With “South Pacific” clocking the season’s second-highest number of nominations, it’s fitting that the late orchestrator Robert Russell Bennett will be honored with a special Tony Award for his historic contribution to American musical theater.
The downsizing trend in Broadway orchestras makes it a rare thrill for theatergoers to experience Bennett’s 60-year-old arrangements as they are being performed in the smash revival of the Rodgers & Hammerstein classic at the Vivian Beaumont. The full-sized 30-piece orchestra receives a nightly ovation as the musicians are spectacularly revealed during the overture in a feat of theatrical legerdemain.
Bennett is considered “the president of the orchestrators” by his peers, with two hundred-plus Broadway credits that include Jerome Kern’s “Show Boat” and “Music in the Air” (both of which are slated for New York performances using Bennett’s original charts); George and Ira Gershwin’s “Girl Crazy” and “Of Thee I Sing”; Cole Porter’s “Anything Goes” and “Kiss Me, Kate”; Rodgers & Hammerstein’s “The King and I,” “Oklahoma!” and “The Sound of Music”; Irving Berlin’s “Annie Get Your Gun”; and Lerner & Loewe’s “My Fair Lady.”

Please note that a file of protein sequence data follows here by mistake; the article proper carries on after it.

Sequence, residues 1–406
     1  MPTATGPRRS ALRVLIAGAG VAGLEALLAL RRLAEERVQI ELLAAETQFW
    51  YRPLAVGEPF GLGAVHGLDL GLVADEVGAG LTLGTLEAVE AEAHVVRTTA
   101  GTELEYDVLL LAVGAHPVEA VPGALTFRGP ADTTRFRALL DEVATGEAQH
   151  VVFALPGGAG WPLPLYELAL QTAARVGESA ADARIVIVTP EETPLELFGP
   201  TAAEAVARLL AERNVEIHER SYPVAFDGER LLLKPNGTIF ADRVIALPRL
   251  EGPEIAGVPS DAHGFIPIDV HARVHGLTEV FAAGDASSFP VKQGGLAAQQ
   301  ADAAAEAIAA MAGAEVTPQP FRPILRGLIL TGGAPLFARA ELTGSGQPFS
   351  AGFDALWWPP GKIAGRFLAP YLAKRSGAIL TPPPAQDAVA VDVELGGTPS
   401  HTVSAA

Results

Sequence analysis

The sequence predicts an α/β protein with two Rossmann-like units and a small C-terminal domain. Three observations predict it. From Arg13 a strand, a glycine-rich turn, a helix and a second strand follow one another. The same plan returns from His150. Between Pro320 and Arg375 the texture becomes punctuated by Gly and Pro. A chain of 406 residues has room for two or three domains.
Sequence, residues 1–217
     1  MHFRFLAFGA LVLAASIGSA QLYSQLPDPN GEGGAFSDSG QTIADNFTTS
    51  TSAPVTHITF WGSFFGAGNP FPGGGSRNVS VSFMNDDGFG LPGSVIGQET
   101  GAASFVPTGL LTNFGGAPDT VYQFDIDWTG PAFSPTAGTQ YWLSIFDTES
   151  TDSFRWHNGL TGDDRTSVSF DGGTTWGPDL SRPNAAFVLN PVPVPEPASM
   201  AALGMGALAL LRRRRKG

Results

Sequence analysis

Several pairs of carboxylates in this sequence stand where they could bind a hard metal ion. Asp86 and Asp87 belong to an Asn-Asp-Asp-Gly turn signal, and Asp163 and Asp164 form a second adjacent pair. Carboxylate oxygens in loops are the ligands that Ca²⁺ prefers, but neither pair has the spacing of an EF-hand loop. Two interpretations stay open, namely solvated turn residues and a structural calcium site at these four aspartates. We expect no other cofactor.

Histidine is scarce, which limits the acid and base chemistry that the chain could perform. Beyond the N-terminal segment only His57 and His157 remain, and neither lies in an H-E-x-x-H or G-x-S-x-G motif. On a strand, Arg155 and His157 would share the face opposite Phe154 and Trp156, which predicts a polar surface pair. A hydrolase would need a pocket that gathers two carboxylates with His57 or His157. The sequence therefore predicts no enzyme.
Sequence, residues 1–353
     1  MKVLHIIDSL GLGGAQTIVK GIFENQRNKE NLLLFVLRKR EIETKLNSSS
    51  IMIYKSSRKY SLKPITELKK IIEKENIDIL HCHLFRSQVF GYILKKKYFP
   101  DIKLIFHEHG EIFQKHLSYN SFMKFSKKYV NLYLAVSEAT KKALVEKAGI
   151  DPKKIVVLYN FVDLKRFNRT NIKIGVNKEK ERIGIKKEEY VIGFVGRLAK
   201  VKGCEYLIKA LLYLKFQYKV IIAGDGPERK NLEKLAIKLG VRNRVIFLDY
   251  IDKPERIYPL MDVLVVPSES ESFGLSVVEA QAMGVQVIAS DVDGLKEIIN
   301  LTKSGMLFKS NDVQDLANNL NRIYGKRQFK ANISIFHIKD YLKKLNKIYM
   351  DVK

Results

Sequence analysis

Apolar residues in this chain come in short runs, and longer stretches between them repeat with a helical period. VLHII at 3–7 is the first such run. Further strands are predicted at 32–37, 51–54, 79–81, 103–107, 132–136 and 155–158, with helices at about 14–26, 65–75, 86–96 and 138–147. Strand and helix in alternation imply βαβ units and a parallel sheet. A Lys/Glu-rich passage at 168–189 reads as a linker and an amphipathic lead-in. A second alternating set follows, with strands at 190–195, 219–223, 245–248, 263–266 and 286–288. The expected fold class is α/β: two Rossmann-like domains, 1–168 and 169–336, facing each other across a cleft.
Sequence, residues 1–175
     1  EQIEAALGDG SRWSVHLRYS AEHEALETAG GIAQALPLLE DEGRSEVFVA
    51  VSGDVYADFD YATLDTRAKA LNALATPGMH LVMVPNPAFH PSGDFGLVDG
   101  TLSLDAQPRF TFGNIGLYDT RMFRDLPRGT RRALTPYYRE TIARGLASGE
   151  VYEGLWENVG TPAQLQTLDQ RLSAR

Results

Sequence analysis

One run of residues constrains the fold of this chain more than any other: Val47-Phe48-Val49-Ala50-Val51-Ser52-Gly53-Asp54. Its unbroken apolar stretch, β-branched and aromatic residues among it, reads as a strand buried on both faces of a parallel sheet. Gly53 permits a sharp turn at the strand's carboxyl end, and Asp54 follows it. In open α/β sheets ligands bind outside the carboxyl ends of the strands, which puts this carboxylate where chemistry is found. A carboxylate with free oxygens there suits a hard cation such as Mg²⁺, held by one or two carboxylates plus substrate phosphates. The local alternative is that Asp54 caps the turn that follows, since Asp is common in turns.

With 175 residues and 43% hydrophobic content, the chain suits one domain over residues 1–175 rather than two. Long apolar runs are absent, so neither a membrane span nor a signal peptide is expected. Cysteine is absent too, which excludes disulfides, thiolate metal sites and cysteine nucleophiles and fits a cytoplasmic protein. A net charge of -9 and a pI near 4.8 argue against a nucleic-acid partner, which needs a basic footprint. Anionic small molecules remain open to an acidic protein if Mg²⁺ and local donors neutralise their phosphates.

Bennett’s first Broadway credit was for incidental music in a 1921 production of “Macbeth” starring Lionel Barrymore. In addition to “South Pacific,” his orchestrations were heard last weekend in a New York Philharmonic concert staging of Lerner & Loewe’s “Camelot.”
Bennett died in 1981, and the orchestration Tony wasn’t instated until 1997. He was personally on hand to receive a special Tony Award in 1957 for his body of work, as well as an Oscar in 1955 and an Emmy in 1965.